MOSCOW, Russia June 15 – Scandal-hit Russia will discover Friday if it has done enough to get back into world track and field’s governing body, the IAAF, in time for its athletes to compete at the Rio Olympics.
The 27-member IAAF Council, headed by president Sebastian Coe, meets in Vienna to decide whether to readmit Russia.
The IAAF provisionally suspended the All-Russian Athletic Federation (ARAF) in November over a bombshell report by a World Anti-Doping Agency (WADA) independent commission that said there was state-sponsored doping and mass corruption in Russian athletics.
Long-time ARAF president Valentin Balakhnichev was banned for life in January by the IAAF ethics commission for allegedly taking bribes to cover up doping by Russian athletes.
Russian Sports Minister Vitaly Mutko has wavered between contrite apology and brash counter-attack as Moscow lobbies heavily for its reinclusion in time for the Rio Games.
In its bid to overturn the ban, Russia has announced a raft of reforms including the introduction of compulsory anti-doping classes in schools to reform attitudes toward the use of performance-enhancing drugs.
Russia’s anti-doping agency RUSADA will develop a special curriculum, based on WADA guidelines, for the 3,000 sports schools where the country’s elite athletes train.
International experts have been appointed to assist with reforms and a minimum of three additional “independent, externally administered anti-doping controls” for athletes hoping to compete in Rio.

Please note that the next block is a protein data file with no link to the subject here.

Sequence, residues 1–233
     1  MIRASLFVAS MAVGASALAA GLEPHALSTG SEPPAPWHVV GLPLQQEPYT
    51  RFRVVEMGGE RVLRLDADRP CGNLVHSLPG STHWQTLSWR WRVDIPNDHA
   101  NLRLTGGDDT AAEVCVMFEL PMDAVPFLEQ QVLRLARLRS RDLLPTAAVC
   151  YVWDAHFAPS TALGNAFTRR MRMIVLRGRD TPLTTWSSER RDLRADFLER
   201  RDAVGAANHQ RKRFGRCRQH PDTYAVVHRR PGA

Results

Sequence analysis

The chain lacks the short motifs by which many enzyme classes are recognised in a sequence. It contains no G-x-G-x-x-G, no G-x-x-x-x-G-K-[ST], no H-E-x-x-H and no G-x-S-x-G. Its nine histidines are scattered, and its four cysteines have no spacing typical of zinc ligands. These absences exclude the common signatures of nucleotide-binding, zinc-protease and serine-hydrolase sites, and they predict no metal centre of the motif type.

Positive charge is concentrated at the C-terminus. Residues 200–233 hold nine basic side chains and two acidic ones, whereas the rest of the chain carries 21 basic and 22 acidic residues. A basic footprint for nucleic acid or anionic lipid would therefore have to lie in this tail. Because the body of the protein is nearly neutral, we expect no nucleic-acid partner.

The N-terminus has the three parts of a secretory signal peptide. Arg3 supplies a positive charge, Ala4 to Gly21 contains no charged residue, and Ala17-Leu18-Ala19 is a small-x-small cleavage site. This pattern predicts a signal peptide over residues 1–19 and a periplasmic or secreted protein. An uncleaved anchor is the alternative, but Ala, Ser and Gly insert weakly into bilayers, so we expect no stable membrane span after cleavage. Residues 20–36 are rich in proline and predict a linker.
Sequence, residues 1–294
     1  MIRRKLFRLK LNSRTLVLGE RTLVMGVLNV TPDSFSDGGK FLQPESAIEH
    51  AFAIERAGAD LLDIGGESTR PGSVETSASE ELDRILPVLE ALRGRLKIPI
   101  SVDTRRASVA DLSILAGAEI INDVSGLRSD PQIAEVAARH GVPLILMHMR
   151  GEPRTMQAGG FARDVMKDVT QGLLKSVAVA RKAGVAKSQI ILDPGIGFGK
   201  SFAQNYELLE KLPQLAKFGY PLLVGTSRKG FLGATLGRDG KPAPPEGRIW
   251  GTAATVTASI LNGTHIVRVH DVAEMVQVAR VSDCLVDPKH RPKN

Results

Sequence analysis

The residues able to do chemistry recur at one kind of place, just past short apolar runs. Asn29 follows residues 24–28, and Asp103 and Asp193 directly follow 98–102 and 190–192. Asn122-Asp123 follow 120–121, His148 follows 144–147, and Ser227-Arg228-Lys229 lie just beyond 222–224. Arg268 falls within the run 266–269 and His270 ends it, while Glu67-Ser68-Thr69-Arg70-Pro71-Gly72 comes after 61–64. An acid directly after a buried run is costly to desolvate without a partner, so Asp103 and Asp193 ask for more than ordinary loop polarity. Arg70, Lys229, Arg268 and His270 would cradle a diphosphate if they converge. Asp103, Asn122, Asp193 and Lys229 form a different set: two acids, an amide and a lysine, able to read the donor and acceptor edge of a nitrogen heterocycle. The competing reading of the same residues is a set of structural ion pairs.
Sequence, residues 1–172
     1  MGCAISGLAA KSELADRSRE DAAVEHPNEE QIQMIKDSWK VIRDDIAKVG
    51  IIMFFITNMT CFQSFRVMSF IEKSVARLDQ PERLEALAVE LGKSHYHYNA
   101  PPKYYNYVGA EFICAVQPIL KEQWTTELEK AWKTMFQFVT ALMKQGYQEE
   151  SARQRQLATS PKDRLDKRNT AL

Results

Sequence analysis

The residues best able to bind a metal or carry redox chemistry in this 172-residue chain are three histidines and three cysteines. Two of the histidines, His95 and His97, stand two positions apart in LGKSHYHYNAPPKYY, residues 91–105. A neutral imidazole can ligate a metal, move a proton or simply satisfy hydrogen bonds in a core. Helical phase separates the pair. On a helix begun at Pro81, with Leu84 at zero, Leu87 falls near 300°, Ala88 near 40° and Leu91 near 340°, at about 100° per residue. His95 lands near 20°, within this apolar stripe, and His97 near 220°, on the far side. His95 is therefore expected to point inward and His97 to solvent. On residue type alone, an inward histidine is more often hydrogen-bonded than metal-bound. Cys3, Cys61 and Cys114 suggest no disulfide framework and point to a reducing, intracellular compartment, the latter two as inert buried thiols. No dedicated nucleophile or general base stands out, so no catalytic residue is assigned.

The IAAF also demanded that ARAF sever ties with staff with any past involvement in doping, and abide by all WADA regulations.
WADA director-general David Howman delivered a withering response on Monday, saying the progress made by Russia was simply not enough to merit its reinstatement within the IAAF.
– IOC olive branch? –
Commentators have suggested that the International Olympic Committee (IOC), which is to meet on June 21 on eligibility issues, could offer an olive branch to Russia by opening up participation in Rio for certain doping-vetted Russian athletes.
“It’s a plausible option,” French athletics federation president and IAAF Council member Bernard Amsalem told AFP.
“But what are the guarantees that we can have on the Russians?…
“It’s a state system and it’s difficult to make sense of things. It’s also a credibility issue for the IAAF. Our image is tarnished and the only way to rectify this is to be hard.”
Mutko added last month that Russia would not include athletes who in the past had committed “gross violations of anti-doping rules” on its Olympic team.
But Russia faces an uphill battle for its reinstatement and recent allegations by the former head of Russia’s anti-doping laboratory, Grigory Rodchenkov, now threaten to derail the country’s efforts to compete in Rio.
Rodchenkov, who has fled to the United States, described an organised doping campaign including at least 15 medallists during the 2014 Sochi Games, with the close involvement of the sports ministry and the FSB security service allegations Mutko was quick to dismiss as “absurd”.
The Russian athletics doping scandal was brought to light by whistleblowers, including runner Yulia Stepanova and her husband Vitaly Stepanov, a former RUSADA employee, who prompted WADA to investigate their shocking allegations about the prevalence of doping in Russian athletics.
Stepanova, who was slapped with a two-year suspension in 2013 for doping, and her husband were branded traitors, and like Rodchenkov, now live in exile.
Dmitry Shlyakhtin, a little-known regional official who was elected to head ARAF in January, told AFP that Rodchenkov’s allegations came out of “fantasy movies or television series”.
“All these things add negativity in terms of the final decision,” Shlyakhtin said.
French federation head Amsalem added: “When I talk to Council members, they agree with me (on being tough).
“But there’s a lot of pressure, political, all sorts, direct or indirect in each of our countries which means that some (members) will hesitate.”